Auds get an eyeful of flesh, served with sadistic, spasmodic laughs, in "3D Sex and Zen: Extreme Ecstasy," an attempt to revive the 1990s Hong Kong softcore-comedy franchise.
There are only so many yuks Nanni Moretti can milk from the sight of old men in clerical robes, and the film's toothlessness makes it unlikely for arthouse crowds to anoint a work that shouldn't…
Handsomely photographed tale is predictably filled with mesmerizingly barren landscapes, long silent stretches and short moments of grace.
A philosophy-teaching femme nearing 50 re-enters the dating scene in the Internet age in the gently comic "E-Love."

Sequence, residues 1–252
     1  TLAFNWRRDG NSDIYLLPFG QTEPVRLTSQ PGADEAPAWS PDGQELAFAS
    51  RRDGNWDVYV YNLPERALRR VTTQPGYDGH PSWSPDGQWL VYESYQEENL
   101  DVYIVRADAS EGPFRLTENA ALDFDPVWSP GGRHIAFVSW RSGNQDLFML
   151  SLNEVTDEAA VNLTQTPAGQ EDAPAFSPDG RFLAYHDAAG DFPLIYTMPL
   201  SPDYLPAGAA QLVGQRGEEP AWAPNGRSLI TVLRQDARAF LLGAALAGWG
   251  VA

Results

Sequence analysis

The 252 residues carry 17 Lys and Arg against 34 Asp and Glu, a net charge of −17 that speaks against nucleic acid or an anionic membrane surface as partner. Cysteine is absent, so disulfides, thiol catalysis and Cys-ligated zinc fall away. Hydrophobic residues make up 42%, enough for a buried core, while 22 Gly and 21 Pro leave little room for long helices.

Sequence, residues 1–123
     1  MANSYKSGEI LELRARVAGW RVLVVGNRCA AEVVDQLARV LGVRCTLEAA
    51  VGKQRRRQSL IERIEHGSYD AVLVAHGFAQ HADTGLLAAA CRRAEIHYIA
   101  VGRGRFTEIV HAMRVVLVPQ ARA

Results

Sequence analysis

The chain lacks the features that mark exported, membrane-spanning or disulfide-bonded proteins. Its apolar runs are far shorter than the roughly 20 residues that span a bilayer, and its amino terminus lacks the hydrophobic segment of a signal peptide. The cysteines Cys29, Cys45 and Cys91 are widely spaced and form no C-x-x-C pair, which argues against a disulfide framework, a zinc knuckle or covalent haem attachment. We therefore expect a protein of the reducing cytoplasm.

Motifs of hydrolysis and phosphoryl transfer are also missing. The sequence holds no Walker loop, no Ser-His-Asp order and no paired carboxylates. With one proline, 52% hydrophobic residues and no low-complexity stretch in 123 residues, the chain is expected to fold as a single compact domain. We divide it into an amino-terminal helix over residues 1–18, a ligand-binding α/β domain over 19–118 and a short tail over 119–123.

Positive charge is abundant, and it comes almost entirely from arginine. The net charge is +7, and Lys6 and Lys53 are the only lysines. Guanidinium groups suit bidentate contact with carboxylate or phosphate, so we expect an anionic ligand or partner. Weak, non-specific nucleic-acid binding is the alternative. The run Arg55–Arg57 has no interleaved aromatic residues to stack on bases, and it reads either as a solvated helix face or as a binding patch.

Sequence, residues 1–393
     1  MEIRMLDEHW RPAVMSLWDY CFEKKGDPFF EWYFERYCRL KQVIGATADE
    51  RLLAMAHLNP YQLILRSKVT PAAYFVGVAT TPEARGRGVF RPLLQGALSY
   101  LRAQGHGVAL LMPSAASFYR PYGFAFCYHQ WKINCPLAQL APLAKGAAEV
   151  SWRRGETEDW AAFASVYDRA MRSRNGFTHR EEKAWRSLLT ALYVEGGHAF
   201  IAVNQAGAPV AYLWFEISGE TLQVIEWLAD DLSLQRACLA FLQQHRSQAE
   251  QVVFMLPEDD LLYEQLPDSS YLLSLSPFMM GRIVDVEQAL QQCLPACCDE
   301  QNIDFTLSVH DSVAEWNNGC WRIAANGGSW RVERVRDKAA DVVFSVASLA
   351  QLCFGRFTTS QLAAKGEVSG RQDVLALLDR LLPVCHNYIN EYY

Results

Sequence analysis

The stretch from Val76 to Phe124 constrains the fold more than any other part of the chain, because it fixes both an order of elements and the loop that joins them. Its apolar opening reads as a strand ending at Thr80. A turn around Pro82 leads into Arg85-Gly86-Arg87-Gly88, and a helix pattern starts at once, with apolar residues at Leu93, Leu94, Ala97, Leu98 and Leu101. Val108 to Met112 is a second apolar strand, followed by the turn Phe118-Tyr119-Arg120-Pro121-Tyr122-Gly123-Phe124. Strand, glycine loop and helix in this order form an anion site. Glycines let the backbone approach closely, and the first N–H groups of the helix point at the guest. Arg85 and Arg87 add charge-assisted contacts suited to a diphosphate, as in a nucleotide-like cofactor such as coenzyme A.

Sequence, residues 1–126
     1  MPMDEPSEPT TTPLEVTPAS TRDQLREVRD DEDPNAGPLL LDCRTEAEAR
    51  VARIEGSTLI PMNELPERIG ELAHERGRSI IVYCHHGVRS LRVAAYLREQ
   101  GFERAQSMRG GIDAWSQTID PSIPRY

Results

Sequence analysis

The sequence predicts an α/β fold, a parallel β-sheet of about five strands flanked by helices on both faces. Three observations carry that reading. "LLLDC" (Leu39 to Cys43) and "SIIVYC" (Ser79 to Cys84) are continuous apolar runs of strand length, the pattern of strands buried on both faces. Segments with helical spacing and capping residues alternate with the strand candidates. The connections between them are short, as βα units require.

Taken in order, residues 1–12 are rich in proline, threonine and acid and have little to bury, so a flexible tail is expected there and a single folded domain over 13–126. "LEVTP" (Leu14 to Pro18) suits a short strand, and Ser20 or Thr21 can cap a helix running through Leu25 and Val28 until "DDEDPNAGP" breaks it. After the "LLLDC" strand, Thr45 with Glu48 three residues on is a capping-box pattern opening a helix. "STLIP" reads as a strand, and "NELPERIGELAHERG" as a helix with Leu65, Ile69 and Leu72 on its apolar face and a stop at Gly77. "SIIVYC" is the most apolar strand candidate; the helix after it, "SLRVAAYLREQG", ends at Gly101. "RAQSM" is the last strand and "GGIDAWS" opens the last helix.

Kenneth Branagh invests this comicbook epic with a weighty yet never overbearing Shakespearean dimension.
The appealing but paper-thin premise of "Footprints" rides on unraveling the identity of a female amnesiac found collapsed on the celeb-marked entryway of Grauman's Chinese Theater.
When the going gets weird, the weird turn political in "Gnarr."
An admirable attempt to blend Western blockbuster tropes with Chinese motifs, "The Dragon Pearl" lacks fire but is respectful enough not to camp it up despite its broad tone.
The edge achieved by director-editor-producer-scribe Garth Donovan is jeopardized by overreaching for topical relevance.
Overblown, overlong and overstuffed with genre self-referentialism.
Offering a fitfully funny sitcom plot clumsily stretched to 90 minutes, then goosed with increasingly tiresome doses of smuttiness and political incorrectness, "The Best and the Brightest" is neither.